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Planning for college, part 3: 5 strategies to access higher education state aid programs

Today we would like to continue our discussion on the importance of planning for college by discussing state aid programs that offer prospective college, junior college, and trade school students financial help.

Millions of Americans looking to finance their higher education begin the process by filling out the Free Application for Federal Student Aid, otherwise known as the FAFSA. The FAFSA is where all college students apply to receive financial aid from such well-known federal loan programs as Pell Grants, Stafford Loans, Federal Perkins Loans, and the Federal Work-Study Program.

What’s terribly regrettable, however, is that many of these students stop their search for financial aid at this point, and do not consider another important source for higher education financial help: their state. This is a mistake, especially considering that there are over 600 state aid programs available around the country. Here are our five strategies to explore higher education state aid programs:

Begin the search for state financial aid opportunities by contacting NASFAA

The National Association of Student Financial Aid Administrators is an excellent resource to find state financial aid programs. There isn’t a state in the country that does not have at least one grant or scholarship program available to its residents, and most have many, many more. For more information, go to https://www.nasfaa.org/.

Continue the process by contacting the financial aid offices of specific colleges and universities to which you may be applying

Every college and university has its own financial aid office, with employees that should have extensive knowledge of all the state aid programs offered to their students. Incidentally, these offices should also have access to information on scholarship opportunities as well.

Reach out to the state higher education office in your area

A list of state agencies can be found through the United States Department of Education by visiting their site at http://www.ed.gov/. You can also do a quick search for your own state’s financial aid office.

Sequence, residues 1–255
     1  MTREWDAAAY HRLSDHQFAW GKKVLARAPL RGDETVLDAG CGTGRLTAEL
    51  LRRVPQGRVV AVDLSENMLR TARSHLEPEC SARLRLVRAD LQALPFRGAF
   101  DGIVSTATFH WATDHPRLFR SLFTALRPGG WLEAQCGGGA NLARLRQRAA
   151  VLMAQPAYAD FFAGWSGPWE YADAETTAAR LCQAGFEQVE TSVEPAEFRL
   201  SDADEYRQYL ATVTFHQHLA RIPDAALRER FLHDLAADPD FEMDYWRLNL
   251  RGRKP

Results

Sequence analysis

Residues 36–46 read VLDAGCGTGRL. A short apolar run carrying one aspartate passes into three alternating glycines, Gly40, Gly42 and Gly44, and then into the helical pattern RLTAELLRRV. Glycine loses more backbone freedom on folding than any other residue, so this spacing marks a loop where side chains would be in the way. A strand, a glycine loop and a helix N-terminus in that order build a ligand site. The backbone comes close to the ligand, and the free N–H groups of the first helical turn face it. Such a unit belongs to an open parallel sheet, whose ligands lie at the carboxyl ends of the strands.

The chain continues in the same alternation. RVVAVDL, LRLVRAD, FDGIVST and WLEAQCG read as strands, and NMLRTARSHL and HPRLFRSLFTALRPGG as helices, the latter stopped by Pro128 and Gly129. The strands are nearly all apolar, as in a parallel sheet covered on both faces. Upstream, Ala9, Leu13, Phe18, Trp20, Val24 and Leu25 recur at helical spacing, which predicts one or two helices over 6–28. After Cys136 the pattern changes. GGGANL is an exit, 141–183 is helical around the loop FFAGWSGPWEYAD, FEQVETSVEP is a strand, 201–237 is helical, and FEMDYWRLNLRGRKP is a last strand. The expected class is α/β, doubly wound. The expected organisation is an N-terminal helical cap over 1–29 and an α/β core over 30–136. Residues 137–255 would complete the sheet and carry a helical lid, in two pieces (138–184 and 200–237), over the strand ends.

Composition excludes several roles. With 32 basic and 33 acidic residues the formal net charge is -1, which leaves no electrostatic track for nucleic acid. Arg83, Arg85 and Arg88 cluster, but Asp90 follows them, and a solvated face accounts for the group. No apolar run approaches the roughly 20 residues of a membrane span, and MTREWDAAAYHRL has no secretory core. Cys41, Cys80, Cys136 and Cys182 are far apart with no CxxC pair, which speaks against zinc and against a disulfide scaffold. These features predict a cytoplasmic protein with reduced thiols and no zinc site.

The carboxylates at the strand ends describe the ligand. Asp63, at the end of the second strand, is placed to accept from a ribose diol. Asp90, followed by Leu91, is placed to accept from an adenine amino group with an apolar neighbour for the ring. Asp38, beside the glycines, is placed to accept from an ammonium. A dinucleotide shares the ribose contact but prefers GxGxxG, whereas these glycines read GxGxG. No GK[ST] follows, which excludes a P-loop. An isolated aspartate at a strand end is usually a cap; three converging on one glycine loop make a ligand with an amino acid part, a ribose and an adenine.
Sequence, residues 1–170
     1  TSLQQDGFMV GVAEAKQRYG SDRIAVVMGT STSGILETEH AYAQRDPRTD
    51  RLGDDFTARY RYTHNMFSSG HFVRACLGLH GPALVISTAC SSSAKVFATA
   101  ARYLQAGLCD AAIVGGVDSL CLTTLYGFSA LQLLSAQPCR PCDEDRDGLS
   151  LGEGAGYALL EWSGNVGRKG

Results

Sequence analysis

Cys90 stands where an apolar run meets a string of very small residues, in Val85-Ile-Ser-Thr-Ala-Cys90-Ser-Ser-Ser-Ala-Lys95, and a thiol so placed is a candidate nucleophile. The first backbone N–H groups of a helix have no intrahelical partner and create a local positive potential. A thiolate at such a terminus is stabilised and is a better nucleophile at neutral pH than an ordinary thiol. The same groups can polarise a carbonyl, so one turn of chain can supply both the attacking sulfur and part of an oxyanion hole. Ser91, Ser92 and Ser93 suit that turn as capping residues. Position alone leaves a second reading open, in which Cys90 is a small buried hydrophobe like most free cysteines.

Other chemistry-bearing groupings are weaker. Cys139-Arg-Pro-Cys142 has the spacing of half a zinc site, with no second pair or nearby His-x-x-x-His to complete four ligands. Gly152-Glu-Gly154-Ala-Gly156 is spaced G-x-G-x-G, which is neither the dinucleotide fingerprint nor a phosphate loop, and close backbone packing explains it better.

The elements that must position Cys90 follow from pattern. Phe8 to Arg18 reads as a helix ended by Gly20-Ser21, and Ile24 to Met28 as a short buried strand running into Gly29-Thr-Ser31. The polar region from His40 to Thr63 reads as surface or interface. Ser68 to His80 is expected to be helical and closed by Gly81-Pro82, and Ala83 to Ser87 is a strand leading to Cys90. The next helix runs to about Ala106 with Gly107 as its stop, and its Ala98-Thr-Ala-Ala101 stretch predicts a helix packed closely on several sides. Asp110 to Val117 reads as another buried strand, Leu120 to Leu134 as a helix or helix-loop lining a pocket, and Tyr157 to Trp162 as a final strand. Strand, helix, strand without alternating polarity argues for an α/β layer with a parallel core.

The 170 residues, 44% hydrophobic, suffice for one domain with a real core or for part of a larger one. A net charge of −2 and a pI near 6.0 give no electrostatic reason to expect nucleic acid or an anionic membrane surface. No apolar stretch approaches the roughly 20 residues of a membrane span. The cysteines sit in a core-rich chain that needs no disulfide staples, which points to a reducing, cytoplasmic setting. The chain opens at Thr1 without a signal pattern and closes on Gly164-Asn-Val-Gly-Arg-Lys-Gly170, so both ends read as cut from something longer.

Consider regional opportunities

Individual states are not the only ones with access to financial aid; there are various regions around the country that also provide opportunities to find discounted out-of-state tuition, including the Midwest, South, Western region, and New England. For more information, reach out to http://www.nasfaa.org/State_Regional_Tuition_Exchanges.

Conduct your own research, and take charge of your own future

Last but certainly not least is our recommendation that you work diligently to explore every possible state aid option available to you. The steps above are just the beginning of what you might find regarding state financial aid, and the more financial help you can find offset today’s exorbitant costs of a higher education the better off you will be.

At J.G.Wentworth, the nationwide leader in purchasing future structured settlement or annuity payments for cash, we understand that few things provide as much peace of mind as financial independence, and hope that you’ll do everything you can to jumpstart your post-collegiate life with as little debt as possible. And if you find yourself short of cash, or simply have questions about the possibility of selling your structured settlement or annuity payments, call our company anytime at 877-227-4713.

Nothing above is meant to provide financial, legal or tax advice. You should meet with appropriate professionals for such services.